Let me caveat the above title by stating that the colour gauge is a relatively new warning system for Iceland. This week’s storm was by no means the worst ever. But it certainly was the worst in the past few years. I can’t say I’ve experienced something quite like this since I started calling iceland my home.
It begun just a few days ago without much warning. I gasped to hear that in some parts of the country winds up to 50m/s (110mph) were being felt with 2 metres (7ft) of snow falling in quick succession. Houses were buried in snow and power outages were felt by over 20,000 people across the country. Videos of animals being rescued and people unable to get out of their houses was rife.
The people lucky enough to be stuck in Reykjavik were spared the worst of the winds but I can assure you, most businesses had closed up shop. Anyone who dared venture outside uploaded comical videos of them being blown off their feet. It seems making light of a difficult time is the way some people handle such moments.
For my part, I cancelled all our tours and urged all our guests to stay inside. This was the right thing to do in this circumstance but with virtually every road in the country preemptively closed down it was an inevitable one anyway.
The great thing about Iceland though, is this is not exactly out of the ordinary. The early warning systems give everyone at least 1 day notice to prepare. The uncountable snow plows and brave Search & Rescue volunteers were at the ready to help the less fortunate and clear the roads. The other great thing about Iceland is that even the worst of the weather rarely lasts long. In fact, this ‘bomb cyclone’ hit the west coast around 3pm on Tuesday and had already dissipated a lot in Reykjavik by the same time the following day. By Thursday the sky was blue and people were slowly but surely getting back to normality in the city.
During these storms there’s still plenty to do indoors in Reykjavik. The Perlan Museum, Flyover Reykjavik and the Settlement Museum offer plenty of interactive educational fun. And the nightlife is well worth the time too.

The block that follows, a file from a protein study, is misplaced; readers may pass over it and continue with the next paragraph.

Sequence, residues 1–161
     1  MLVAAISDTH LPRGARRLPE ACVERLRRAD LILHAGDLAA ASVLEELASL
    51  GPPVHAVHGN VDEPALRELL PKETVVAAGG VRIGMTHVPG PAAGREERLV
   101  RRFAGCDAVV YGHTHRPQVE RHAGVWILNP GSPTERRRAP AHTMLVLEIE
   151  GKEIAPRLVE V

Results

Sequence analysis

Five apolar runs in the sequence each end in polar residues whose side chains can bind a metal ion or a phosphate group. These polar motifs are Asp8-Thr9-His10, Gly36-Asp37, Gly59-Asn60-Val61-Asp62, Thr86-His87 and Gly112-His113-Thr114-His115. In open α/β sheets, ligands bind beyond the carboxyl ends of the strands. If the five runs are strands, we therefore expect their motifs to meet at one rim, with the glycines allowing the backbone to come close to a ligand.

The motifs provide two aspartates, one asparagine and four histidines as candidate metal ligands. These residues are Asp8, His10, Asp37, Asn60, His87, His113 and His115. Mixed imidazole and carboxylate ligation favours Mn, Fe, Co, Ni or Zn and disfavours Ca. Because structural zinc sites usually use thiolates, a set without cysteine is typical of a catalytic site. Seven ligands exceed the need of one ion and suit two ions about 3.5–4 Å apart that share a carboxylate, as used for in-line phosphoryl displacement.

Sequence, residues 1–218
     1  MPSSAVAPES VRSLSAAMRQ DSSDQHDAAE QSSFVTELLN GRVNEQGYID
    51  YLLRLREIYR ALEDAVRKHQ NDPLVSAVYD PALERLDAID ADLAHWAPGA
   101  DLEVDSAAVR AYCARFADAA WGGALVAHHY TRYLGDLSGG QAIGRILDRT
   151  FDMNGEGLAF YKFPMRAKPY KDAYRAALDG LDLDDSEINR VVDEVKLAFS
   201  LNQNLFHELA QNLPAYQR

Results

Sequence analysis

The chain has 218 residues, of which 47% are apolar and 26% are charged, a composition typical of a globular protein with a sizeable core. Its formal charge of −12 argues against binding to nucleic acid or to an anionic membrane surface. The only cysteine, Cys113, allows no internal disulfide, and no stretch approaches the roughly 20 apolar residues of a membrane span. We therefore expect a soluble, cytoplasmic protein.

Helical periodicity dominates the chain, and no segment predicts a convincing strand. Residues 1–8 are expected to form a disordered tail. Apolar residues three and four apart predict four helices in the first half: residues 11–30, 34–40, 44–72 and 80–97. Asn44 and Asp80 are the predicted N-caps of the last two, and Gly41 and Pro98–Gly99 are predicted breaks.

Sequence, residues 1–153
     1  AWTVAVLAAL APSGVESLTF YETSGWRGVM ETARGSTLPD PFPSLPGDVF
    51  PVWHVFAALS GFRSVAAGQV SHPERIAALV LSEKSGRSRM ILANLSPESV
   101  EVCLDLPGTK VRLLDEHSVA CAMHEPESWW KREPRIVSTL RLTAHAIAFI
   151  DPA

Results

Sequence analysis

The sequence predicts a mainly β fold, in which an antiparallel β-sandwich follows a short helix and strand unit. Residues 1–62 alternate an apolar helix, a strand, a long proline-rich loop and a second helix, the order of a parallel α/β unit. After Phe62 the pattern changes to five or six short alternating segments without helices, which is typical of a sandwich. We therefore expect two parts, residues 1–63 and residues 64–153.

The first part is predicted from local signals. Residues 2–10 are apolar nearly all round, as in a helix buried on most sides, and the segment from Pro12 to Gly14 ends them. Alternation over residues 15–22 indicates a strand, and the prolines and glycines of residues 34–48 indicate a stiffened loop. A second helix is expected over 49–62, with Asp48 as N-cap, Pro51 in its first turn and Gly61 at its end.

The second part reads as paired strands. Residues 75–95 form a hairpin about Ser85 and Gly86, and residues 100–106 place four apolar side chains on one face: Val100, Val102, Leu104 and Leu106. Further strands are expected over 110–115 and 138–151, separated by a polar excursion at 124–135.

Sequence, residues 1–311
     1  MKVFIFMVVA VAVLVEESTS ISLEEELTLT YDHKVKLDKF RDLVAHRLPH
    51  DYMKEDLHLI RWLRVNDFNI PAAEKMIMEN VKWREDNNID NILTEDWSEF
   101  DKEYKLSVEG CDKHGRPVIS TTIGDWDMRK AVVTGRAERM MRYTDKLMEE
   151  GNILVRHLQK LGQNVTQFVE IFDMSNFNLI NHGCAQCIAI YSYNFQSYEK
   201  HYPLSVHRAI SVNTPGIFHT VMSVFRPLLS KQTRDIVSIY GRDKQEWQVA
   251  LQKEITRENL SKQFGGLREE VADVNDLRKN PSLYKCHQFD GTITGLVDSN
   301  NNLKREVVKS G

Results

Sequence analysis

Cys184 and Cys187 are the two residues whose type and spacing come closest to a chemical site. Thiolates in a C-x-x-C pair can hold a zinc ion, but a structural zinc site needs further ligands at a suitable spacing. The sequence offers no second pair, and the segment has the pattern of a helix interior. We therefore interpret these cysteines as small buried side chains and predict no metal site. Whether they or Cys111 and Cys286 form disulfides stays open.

Although these storms do happen in one shape or another every year it is by no means a weekly occurrence. This means tours and hotels remain functioning all year round. This allows you to enjoy the aspects of Iceland that are only possible in the winter months.
The golden hour – all day
Reading about this quite intense storm has probably given you some pause about choosing Iceland in the winter now. But I’m here to tell you that experiencing something like a bomb cyclone or weather so debilitating that you can’t do anything is very rare. Remember, there’s no such thing as an entire week of bad weather in Iceland. So let’s talk about the good weather.
Right now, just days after the storm. We have multiple guides out across the country hiking on bright blue glaciers, entering stable ice caves and hunting for the northern lights. Starry skies and sunny days. Snow is covering everything except the roads we need to get from A to B. Travel is easy and the sights are incredible.
Most people think about the northern lights when they think about Icelandic winter. However, the fact that the sun barely rises above the horizon for the entire day means that every picture you take for a 5 hour period is in effect a ‘golden hour’ picture. Where else in the world will give you that Hollywood lit picture at midday. Perhaps there’s a reason Game of Thrones and James Bond were filmed in Icelandic winter. To be standing on the black diamond beach as the sun drops below the horizon is something to behold. The low sunlight penetrates the blocks of ice that have washed up on shore and makes them appear to glow.
Is winter worth it?
You can hike on the top of glaciers all year round. And the summer midnight sun keeps you warm enough to explore, even in the middle of the night. But winter, with its cold climate and dark nights transform the land and sky into something truly unique.
The ice cave season
By November the average temperature has dropped so much that the caverns, holes and cracks in the glacier have crept into the shape they will likely keep till spring. It’s the only time a temporary ice cave formed from summer melting can be accessed safely. Make sure that if you are interested in adventure from November to March add in an ice cave excursion. They genuinely are as blue as you see in the pictures.
The Northern Lights
From early September to early April you can see the northern lights. But of course the longer night time gives you more time to play with and hope the clouds clear away at one point in the night. Seeing the northern lights is incredible but I always suggest doing other activities and finding secluded accommodation outside of the city so that if you’re not lucky enough to see them then at least you’ve had a good time doing other activities.